The BLOCS is a unique prospective study of longitudinal course and outcome of 395 participants with OCD that will generate important new data of practical clinical significance for patients, families and treating clinicians. We seek five additional years of funding to test hypotheses of fundamental significance to our understanding of the psychopathology, etiology and treatment of OCD, hypotheses that can only be answered in using a longitudinal design. With this longitudinal dataset we will be able to test the validity of a novel conceptual model of the illness that posits two latent higher order constructs of OCD that underlie the motivational drive leading to OC symptoms, harm avoidance (HA) and incompleteness (INC). These constructs have demonstrated clinical face validity and are thought to be differentially associated with fear (HA) and reward (INC) circuitry. This innovative model, and the dimensional instruments that have been developed to test the model, will be important in future explorations of the complex genetics, biologically meaningful endophenotypes, and treatment outcome studies of the disorder. The BLOCS will provide information about prognosis, treatment received, and rates and predictors of remission and relapse that have significant implications for public health policy. We will investigate a number of previously unstudied questions related to maintenance treatment with SRIs including the characteristics of participants with sustained improvement, which will potentially elucidate what contributes to achieving and sustaining remission. We will also gather unique prospective data on the patterns of course and treatment received for child and adolescent and aging cohorts with OCD.
Our specific aims are: (1) To evaluate the conceptual validity of a higher latent construct model of harm avoidance (HA) and incompleteness (INC), and to test the relative contributions of these latent constructs, primary symptom subtypes, OCD symptom factors, and temperament in explaining variability in course (2) collect comprehensive treatment data related to long term treatment and course (3) to determine the patterns of course and outcome of a clinical sample of children and adolescents with OCD. Subjects will be evaluated at 1 year intervals with instruments that obtain detailed information on symptom status and severity, diagnostic status, treatment received, psychosocial functioning, and other domains. We propose to add new assessments that measure key latent variables, underlying mood- and anxiety-related traits, and symptom severity. We have also incorporated a structural equation model into our longitudinal data analysis to test novel hypotheses related to the explanatory power of symptoms, temperament and the higher order latent constructs (HA and INC) on the variance of course. To have sufficient statistical power to test our hypotheses, 5 more years of prospective observation and 50 additional child and adolescent participants are needed. Continuation of BLOCS will shed new light on clinically and theoretically important, innovative questions about an understudied major psychiatric disorder which have not been addressed by previous research.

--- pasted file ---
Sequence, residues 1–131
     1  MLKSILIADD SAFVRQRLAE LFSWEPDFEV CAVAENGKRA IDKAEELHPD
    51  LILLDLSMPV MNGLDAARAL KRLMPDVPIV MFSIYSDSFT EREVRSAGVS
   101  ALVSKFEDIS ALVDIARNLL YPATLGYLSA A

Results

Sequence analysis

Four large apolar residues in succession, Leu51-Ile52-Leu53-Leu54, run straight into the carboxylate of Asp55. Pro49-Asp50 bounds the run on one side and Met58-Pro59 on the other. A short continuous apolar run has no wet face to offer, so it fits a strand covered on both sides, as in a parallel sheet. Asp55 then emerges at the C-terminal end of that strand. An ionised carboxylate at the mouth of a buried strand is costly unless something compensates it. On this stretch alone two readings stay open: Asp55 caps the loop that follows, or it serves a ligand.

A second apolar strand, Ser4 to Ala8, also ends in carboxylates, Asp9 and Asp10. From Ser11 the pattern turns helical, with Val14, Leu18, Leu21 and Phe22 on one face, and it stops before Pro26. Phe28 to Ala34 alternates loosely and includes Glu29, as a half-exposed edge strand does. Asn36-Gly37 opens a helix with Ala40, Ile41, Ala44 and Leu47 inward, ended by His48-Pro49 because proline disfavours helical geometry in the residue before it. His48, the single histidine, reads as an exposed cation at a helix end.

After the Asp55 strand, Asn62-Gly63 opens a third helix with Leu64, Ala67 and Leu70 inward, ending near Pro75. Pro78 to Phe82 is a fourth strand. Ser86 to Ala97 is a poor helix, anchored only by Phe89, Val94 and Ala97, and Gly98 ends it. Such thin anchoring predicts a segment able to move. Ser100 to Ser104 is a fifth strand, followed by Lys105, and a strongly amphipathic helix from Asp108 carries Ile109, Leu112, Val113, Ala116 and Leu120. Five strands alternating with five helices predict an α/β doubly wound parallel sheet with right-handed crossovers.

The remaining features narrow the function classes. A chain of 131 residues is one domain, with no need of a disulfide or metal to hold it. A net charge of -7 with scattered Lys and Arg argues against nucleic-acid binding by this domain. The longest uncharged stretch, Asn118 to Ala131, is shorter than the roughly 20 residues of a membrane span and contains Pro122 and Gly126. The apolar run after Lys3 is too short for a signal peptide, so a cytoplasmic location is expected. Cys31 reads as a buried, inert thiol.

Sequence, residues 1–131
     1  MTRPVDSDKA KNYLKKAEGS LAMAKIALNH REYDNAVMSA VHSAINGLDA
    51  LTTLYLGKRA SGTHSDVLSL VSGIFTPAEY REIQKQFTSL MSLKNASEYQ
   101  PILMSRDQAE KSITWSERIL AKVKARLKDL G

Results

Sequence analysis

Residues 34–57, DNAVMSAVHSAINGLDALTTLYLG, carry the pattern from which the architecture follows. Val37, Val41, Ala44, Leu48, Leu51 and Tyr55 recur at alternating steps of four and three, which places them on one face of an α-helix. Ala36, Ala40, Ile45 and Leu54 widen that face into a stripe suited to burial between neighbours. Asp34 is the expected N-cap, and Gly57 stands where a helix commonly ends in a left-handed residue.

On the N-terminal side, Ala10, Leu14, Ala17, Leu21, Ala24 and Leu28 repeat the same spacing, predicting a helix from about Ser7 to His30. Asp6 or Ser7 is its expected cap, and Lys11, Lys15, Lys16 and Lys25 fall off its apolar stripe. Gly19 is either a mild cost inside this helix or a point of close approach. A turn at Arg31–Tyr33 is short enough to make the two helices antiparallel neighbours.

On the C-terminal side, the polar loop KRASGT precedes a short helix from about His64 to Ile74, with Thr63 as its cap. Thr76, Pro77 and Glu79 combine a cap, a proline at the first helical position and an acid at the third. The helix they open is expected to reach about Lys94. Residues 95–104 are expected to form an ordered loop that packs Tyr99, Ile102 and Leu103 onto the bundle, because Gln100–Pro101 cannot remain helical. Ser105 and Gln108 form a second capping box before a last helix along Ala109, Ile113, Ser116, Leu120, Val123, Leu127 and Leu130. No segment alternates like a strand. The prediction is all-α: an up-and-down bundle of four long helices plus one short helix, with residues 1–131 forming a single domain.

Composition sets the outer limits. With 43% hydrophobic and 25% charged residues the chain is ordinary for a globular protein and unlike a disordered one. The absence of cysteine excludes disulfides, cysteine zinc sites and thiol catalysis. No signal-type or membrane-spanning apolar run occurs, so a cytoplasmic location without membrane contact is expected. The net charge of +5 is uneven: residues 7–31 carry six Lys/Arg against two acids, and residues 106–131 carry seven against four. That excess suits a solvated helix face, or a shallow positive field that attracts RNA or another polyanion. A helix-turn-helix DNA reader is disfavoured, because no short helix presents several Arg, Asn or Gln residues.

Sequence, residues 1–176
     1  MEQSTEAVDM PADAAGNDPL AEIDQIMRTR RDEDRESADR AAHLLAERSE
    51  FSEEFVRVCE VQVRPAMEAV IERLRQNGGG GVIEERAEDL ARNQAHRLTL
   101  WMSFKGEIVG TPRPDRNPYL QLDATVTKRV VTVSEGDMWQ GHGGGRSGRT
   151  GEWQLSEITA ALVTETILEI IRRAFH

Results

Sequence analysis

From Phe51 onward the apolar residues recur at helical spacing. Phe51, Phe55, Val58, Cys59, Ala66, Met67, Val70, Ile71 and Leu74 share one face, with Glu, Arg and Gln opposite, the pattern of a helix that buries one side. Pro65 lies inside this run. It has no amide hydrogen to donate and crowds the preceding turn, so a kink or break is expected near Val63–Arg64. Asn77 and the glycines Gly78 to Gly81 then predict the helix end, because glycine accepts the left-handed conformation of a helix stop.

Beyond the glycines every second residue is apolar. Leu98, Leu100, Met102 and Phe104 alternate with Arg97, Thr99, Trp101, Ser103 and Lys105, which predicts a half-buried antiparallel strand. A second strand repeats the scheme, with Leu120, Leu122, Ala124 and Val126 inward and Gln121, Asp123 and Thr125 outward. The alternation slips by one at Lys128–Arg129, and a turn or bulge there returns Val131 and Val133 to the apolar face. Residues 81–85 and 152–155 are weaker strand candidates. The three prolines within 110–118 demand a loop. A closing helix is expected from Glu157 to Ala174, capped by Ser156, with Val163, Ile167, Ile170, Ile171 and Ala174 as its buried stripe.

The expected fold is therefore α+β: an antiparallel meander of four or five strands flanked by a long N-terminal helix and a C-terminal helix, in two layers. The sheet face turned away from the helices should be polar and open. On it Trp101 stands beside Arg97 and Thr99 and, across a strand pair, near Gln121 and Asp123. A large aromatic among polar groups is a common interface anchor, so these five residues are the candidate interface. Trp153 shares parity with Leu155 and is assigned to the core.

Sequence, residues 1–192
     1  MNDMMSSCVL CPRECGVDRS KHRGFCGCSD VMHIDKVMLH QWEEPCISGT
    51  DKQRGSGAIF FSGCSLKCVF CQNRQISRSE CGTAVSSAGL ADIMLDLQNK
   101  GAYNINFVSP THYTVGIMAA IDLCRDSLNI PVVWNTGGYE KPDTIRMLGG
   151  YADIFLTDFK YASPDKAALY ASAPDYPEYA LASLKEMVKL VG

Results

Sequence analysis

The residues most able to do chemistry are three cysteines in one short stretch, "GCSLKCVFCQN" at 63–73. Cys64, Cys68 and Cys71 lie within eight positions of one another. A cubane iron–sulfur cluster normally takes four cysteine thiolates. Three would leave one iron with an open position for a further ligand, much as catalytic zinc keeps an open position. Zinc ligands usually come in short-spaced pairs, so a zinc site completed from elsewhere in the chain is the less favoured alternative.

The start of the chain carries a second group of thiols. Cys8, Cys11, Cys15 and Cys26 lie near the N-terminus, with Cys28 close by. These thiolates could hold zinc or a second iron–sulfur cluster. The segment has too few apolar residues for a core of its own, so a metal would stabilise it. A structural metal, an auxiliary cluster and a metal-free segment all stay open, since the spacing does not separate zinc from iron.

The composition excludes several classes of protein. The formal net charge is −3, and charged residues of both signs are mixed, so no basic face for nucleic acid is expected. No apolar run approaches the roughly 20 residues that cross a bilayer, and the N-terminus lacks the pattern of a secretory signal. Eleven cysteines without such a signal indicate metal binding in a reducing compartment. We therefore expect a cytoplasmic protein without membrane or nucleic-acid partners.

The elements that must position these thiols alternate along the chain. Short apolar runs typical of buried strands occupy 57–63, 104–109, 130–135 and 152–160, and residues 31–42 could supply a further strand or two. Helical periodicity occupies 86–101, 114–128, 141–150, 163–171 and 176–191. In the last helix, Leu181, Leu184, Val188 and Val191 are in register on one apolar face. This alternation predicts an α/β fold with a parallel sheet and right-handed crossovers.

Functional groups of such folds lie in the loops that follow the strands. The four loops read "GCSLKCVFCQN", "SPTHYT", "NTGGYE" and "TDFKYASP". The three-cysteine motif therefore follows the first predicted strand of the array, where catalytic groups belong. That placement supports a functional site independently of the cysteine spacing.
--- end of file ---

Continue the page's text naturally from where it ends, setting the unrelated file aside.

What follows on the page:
The Brown Longitudinal Obsessive Compulsive Study (BLOCS) is a unique prospective study of the longitudinal course and outcome of 395 participants with OCD that will generate important new data of practical clinical significance for patients, families and treating clinicians. The study will provide novel clinically relevant information about the psychopathology, etiology and treatment of OCD that have direct implications for public health policy related to this common disabling illness.
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